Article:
Due to addictive nature of nicotine, smokers may seek private areas to smoke within a restricted workplace. This may have implications as staff experience isolation, guilt and stigma. Others have found smoke free workplaces to contribute to stigma among smokers  and there is a need for evaluation of the unintended negative effects of policy for smokers . The safety of smokers is also an issue for staff and students on a large university campus, as they may seek unsafe private areas to smoke in, moving from offices or classrooms to the outskirts of the campus including in the evenings. It may also impact negatively on those students living in on-campus housing who are no longer able to smoke in the grounds of their ‘home’. Studies have reported negative consequences, especially in regard to safety issues for women, who smoke outside bars . These issues pose challenges for implementation and significant efforts should be made to ensure the needs of smokers are addressed. Consistent with best practice in health promotion  a comprehensive range of strategies, which include support for smokers, are most likely to have optimal outcomes.
Enforcement of a smoke-free policy is imperative and has been found to be predictive of successful implementation. School based research suggests consistently enforced policy is the best predictor of adherence [26–28]. Respondents in this study suggested a range of transparent enforcement strategies. Although almost three-quarters of respondents (students: 74.7%; staff: 70.4%) reported that a total smoke-free policy would have a positive impact on staff and student quality of life, the reported positive impact on student learning (56%) and student enrolments(40.8%) were much less. Given that the attitudes towards a smoke-free campus are positive, the association with a better quality of life is implicit and may indicate a better acceptance of the policy.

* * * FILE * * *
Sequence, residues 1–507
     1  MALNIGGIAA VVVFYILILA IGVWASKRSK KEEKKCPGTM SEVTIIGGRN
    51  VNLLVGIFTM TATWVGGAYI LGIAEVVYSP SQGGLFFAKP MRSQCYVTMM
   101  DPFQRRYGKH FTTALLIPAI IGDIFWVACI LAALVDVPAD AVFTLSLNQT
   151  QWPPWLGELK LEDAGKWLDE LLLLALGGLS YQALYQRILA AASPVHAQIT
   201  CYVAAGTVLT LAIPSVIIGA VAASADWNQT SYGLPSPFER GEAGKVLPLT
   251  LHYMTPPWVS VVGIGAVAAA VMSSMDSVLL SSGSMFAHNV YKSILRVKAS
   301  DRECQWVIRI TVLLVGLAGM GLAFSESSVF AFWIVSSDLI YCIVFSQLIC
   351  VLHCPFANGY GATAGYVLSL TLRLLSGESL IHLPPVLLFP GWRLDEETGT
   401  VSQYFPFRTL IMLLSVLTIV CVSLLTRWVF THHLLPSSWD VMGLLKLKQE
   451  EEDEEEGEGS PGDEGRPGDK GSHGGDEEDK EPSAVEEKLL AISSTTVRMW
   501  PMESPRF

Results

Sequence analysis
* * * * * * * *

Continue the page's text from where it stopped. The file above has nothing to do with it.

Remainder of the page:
Although the response rate to this study was low, the results provide a snapshot of attitudes towards policy implementation at a large and diverse university campus. Respondents were slightly biased in that a greater proportion of non-smokers, females and domestic students participated compared to the university demographics however others have also found this to occur in university studies . Selective non-response and underreporting may have biased these results. The disproportionate representation of non-smokers may have resulted in more positive attitudes towards the policy than smokers may have presented. As is consistent with previous data from this university  the prevalence of smoking was lower than the general Australian population. Other studies have found non-responders are more likely to be smokers . The limitations of the study should be considered when reviewing the results.